- Color crossover (Gradient backgrounds): One of the most popular web designs, the gradient background, was overshadowed by the introduction of flat / material design in early 2013. Like a phoenix, gradient backgrounds are making a huge comeback with designers and brands like Jack Threads and American Eagle Outfitters using gradients of two contrasting colors in their emails.
- Double Exposure: Superimposing two different images to create an altogether new form of a visual medium was discovered by photographers while accidentally exposing a photographic film with different images. Later on, designers started combining different images and layers to recreate artistic and trendy designs for the digital realm. While it is being widely used in posters and ad copies, email designers shall soon be using this illusion in email designs too.
- Typography: The practice of email designers using custom stylized fonts is a thing of the past. Yet email designers using big bold text over the hero image (as a part of the email copy) is a twist to the existing trend. This email design by apparel retailer Banana Republic is a prime example of the same.
- White Space/ Negative space design: One of the design trends that serves a purpose along with aesthetics is the ample use of white space, which not only improves the readability of the email copy, but also ensures that the email subscriber’s eyes are not strained while skimming through the email. Even though this is a trend that has continued for years, Uplers predict that in addition to white space, email developers shall also dabble with negative space in email designs. Meanwhile, brands such as Sugarfix and Everlane have been doing well while using white space in their emails.
- Single tone / Single palette (Monochromatic): Colors are all about shades, tones and tints. Yet, sometimes between the emails with colors picked straight from a bad acid trip, a monochromatic email can be a welcome change. Now with most brands acknowledging the importance of following branding guidelines , there is a chance that some more brands may come up with monochromatic emails.
- Illustrations: Another favorite amongst most email designers, there had been a dip in the emails featuring illustrations. An illustration in email gives the feel of a brand that has a fun tone to it without edging out business goals. Brands such as Post Planner and Anthropologie have been consistently sending out emails that feature an Illustration.
- Glitch Design: Taking a leaf out of old VHS tapes and CRT monitors, the glitch design has been a huge hit in the digital domain with many designers using the Glitch effect in various webpages, logo designs and other creative assets to recreate a retro look. With brands such as Steve Madden using the glitch effect only for its Cyber Monday promotions, there is a chance that other brands shall also be inspired.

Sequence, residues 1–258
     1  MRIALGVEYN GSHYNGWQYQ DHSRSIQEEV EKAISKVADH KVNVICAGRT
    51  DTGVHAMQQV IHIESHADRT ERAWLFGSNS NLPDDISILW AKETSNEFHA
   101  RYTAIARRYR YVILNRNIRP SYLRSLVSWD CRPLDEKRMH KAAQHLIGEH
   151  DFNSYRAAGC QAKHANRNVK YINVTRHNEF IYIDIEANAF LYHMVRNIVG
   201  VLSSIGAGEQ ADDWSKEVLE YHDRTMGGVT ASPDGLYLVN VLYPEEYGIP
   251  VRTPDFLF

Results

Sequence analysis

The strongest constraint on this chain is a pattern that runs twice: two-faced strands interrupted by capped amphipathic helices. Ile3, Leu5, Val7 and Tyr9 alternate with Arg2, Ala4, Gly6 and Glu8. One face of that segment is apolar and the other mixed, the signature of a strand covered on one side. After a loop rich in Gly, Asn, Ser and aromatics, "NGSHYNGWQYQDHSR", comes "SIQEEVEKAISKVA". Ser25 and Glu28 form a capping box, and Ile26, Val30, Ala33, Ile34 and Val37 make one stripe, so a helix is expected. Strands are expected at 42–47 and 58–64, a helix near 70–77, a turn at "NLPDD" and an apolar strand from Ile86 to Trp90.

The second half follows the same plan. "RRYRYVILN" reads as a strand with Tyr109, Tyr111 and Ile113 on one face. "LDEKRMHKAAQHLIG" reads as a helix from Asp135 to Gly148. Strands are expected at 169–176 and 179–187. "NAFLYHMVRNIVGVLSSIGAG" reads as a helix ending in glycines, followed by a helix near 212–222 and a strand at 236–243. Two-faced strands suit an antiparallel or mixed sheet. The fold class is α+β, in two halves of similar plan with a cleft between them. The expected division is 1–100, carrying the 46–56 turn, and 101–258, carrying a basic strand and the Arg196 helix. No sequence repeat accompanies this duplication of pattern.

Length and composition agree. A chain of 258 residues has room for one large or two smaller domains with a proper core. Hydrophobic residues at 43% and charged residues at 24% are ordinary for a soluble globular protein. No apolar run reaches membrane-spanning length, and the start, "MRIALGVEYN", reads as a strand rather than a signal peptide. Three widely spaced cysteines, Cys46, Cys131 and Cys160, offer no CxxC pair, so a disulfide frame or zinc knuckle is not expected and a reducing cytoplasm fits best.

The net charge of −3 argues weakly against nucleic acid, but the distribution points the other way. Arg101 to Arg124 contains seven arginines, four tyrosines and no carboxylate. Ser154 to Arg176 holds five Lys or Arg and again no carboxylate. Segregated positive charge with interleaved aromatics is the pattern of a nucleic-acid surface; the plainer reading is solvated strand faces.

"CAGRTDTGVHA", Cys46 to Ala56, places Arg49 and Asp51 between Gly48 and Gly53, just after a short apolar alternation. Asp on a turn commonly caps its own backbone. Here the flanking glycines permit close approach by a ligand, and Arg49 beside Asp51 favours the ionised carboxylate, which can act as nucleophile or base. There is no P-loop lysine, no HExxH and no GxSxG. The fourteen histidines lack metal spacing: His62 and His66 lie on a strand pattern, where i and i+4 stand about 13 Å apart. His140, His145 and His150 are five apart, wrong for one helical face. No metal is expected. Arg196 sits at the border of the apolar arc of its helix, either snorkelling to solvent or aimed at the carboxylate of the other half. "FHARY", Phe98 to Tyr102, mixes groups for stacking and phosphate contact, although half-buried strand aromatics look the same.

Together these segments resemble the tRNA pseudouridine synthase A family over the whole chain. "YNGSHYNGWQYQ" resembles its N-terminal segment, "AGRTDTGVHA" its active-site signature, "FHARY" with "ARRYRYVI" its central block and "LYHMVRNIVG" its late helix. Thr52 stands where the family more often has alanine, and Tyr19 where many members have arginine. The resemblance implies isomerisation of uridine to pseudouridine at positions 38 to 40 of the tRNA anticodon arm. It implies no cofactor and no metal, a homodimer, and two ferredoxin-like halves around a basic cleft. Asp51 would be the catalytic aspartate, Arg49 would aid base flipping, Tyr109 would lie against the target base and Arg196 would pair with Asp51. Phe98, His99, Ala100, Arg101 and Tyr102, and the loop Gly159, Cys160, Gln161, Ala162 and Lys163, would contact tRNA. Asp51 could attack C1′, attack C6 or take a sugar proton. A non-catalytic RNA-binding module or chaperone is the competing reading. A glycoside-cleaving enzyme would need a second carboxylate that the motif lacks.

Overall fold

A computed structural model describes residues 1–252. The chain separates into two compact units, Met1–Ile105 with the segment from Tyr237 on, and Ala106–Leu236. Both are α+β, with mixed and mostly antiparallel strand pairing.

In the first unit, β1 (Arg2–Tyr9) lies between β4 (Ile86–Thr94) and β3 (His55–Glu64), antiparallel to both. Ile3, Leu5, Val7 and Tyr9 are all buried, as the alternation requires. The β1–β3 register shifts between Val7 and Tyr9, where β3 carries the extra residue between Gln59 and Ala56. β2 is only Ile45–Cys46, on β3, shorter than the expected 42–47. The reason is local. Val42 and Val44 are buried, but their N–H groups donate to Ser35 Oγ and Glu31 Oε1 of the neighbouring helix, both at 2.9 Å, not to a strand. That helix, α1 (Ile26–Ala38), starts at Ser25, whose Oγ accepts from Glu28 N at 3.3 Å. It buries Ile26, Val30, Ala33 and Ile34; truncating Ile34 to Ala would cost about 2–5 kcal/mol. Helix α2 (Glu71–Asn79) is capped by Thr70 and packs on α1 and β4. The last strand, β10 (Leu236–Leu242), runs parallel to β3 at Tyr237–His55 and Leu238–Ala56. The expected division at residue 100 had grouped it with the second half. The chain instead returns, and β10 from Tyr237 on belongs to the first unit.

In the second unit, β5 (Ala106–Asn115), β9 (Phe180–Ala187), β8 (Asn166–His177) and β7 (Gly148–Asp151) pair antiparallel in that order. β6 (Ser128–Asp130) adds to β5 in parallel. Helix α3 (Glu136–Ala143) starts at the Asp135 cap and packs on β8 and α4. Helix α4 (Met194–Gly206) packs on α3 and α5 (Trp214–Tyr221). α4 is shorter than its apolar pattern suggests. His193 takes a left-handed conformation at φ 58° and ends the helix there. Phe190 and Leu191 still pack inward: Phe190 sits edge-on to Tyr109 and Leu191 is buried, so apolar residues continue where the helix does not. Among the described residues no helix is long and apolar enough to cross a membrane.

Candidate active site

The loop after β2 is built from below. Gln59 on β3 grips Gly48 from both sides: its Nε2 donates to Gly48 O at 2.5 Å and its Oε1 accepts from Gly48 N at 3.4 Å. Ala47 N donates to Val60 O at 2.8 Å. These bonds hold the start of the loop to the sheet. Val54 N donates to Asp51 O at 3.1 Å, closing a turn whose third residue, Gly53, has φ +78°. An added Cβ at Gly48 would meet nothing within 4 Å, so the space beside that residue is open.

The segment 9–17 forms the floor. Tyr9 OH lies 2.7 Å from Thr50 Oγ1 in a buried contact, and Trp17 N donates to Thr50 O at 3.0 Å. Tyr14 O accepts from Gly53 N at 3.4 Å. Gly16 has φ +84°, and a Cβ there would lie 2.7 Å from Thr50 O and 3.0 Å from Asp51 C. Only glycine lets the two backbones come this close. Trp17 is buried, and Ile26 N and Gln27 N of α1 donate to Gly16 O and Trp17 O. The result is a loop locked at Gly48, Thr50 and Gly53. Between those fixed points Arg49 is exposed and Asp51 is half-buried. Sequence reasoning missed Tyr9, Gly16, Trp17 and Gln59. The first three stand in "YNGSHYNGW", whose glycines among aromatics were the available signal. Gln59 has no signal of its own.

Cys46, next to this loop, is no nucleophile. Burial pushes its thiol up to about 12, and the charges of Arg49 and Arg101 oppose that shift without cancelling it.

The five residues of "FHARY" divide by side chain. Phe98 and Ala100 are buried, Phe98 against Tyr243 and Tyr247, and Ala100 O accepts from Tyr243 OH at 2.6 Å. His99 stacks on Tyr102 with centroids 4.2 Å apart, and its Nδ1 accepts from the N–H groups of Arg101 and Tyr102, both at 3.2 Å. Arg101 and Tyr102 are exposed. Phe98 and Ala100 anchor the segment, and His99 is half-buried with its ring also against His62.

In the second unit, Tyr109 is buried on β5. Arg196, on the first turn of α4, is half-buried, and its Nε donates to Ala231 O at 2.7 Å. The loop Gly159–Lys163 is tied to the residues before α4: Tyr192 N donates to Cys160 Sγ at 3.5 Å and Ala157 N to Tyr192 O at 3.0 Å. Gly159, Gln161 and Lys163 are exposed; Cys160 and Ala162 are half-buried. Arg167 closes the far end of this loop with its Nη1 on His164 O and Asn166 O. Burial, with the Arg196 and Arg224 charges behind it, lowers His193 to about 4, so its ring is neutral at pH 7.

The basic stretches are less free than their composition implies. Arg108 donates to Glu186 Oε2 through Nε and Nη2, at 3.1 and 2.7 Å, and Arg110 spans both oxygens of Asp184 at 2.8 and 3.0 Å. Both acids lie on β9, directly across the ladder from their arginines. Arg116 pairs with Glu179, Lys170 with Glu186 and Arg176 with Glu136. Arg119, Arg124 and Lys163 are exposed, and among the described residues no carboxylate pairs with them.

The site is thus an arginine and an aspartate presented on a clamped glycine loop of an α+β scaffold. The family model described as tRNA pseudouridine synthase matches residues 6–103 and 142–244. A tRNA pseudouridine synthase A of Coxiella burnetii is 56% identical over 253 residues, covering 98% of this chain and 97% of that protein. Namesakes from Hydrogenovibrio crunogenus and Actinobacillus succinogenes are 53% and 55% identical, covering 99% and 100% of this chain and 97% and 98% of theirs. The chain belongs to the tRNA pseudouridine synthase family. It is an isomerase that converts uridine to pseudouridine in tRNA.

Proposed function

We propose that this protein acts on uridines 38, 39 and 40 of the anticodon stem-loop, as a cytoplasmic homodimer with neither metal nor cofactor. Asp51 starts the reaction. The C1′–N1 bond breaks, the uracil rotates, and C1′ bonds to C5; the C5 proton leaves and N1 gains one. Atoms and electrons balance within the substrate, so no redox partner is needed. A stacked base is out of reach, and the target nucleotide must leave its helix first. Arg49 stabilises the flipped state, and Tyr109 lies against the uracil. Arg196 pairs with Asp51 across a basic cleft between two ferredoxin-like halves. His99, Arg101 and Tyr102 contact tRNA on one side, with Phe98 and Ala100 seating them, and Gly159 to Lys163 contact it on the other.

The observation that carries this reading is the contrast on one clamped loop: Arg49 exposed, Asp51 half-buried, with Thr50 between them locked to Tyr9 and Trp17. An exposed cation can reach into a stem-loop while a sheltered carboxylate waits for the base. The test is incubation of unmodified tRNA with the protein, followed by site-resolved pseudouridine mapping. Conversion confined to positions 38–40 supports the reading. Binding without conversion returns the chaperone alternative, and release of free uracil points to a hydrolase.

- Minimalism: Somewhat similar to emails making use of white space, minimalistic emails are those which convey the message using very few design elements as well as a compact email copy. In the below email by Code School, there is a hero image of the courses they offer followed by a short description and relevant CTA button.
- Contrasting colors and Pastel colors: One of the most radical design trends is that of using pastel and soft backgrounds with harsh and contrasting elements, so as to create attention all through the email. Based on the colors used, the email tone can be dominating like the one by Spotify or professional yet casual like the one by Church Media.
- Stock yet relevant images: Stock images are a boon to agencies who can’t spend an arm and a leg for a custom photoshoot. However, brands have made stock photos infamous amongst subscribers by using cheesy, non-authentic, outdated or irrelevant stock images. While the email looks made-up, it also loses the credibility. 2017 was witness to brands trying to eliminate the perception about stock images by using niche, relevant and actionable stock images.
Seamless design between email and landing page
Any email campaign strategy is incomplete if you only focus on the email template. An email copy only has a limited space to communicate everything and so the goal of such an email is to redirect the subscriber to a landing page by peeking their interest. Subscribers expect a seamless transition across all channels and so most brands tend to maintain a seamless design between email and landing page. This means using the same design style, images, and tones in both emails and landing page.